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[BOOK SPOILERS] Discussing Sansa III


Mladen

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As soon as I saw the first Sansa/Tyrion scene, I said out loud, no lie, "Welp, the Sansa fans are going to have a field day on the boards tomorrow, because they're going to haaaaaaate this..."

*looks forward to another thirty pages of how Tyrion is whitewashed and Sansa is subverted*

While it's a big departure from the book, I was sort of okay with this, I thought they were trying to show that Sansa is attempting to make the best of her circumstances...as Marg counseled her to....but, as always, it falls apart in the end, just as she begins to relax a tiny, tiny little bit it turns out the Lannisters have engineered the brutal murder of the rest of her family.

Agreed. IMNSHO, I think that it wasn't a badly done scene. I do agree a bit with would-be detractors - it does feel somewhat out of place - but, yes, you can also look at it as Show!Sansa is more mature than Book!Sansa, and thus would be attempting to make nice with her husband prior to finding out about her family. I think it's actually a good contrast overall - you get a tiny fraction of "maybe they'll at least have a civil relationship" and then... one more devastation for Sansa.

I also think the second scene, where he heads in and she's just sitting there crying, was pretty marvelous. I think having that under-acted - it being about her shock, instead of some cheesy "NOOOOOOOOOOOOOOOOOO!" kind of scene - makes the impact of it hit harder. I don't believe, like a couple people have already noted, that that scene was "all about Tyrion." As he was talking with his father - a scene that occurred in the books - it made sense to transition him in to attempting to talk to her about it. Note that he didn't stick around to try to console her. If that had happened, I would indeed have said that it was a Tyrion-focused scene. Instead, we get a nod to what their relationship *will* be like from here on out.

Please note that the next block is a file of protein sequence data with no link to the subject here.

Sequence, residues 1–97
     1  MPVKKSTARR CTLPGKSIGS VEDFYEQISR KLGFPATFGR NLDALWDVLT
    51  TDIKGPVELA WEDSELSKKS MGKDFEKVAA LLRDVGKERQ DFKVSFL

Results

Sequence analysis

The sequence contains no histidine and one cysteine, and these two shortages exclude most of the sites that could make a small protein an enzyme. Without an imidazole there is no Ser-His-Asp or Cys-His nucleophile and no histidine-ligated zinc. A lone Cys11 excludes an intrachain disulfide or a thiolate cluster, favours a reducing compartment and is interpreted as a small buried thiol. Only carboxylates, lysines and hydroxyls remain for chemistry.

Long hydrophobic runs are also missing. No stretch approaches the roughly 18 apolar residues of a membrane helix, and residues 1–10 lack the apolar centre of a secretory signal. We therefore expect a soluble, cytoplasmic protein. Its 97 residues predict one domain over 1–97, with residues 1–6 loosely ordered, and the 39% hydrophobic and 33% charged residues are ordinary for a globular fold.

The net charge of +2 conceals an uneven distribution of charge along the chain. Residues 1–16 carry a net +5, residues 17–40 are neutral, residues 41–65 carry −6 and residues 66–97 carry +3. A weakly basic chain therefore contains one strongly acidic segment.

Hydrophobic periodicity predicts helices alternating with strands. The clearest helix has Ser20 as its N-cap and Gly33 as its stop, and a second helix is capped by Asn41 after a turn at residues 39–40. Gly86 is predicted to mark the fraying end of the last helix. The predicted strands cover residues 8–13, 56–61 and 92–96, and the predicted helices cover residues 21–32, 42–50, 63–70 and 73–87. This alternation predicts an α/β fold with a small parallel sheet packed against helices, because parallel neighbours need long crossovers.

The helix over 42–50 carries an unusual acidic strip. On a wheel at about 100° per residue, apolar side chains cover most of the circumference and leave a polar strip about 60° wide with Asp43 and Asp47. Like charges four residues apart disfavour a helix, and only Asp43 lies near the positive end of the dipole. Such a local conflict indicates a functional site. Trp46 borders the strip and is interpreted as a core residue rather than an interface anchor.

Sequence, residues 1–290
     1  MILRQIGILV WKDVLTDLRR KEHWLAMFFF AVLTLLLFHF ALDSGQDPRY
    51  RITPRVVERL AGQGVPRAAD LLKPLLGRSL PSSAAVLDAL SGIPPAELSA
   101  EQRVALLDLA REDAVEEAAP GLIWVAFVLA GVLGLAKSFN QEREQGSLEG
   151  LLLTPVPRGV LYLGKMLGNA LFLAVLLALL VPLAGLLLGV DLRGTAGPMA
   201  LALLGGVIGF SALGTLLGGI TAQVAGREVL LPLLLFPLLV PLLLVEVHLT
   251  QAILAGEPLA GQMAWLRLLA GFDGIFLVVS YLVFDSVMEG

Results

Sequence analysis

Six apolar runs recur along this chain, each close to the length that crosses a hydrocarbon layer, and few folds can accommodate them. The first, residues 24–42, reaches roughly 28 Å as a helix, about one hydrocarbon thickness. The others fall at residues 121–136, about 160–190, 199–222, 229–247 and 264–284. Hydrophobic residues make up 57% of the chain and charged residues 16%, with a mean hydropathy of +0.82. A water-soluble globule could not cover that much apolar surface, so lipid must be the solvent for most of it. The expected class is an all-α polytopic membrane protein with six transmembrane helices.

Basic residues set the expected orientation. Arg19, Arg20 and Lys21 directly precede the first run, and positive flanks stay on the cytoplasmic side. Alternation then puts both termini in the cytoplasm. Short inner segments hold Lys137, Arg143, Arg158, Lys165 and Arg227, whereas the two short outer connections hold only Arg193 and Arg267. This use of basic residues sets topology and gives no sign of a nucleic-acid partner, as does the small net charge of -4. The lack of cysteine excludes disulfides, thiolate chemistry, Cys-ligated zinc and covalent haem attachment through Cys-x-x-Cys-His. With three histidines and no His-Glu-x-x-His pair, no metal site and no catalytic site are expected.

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This week's Sansa actually seemed to come out of that shell and be more assertive. The scene with Tyrion, where she's talking about getting even with those who laughed at him -- she actually had me convinced that she had a mind of her own. Rather than letting life continually just beat her down, she found at least a temporary ally, and was animated to a certain degree. The "shift" was funny because it was a reminder of her naivete, but still, I think the scene showed that she was not going to let life beat her. I actually liked her. And the final scene was just tragic. We'd just seen this girl pulling herself out of a mental rut, and then this horrible news comes in and just pushes her right back into a shell. I really, really liked it because it actually seemed realistic to me.

This. As always, well said, FLoW :)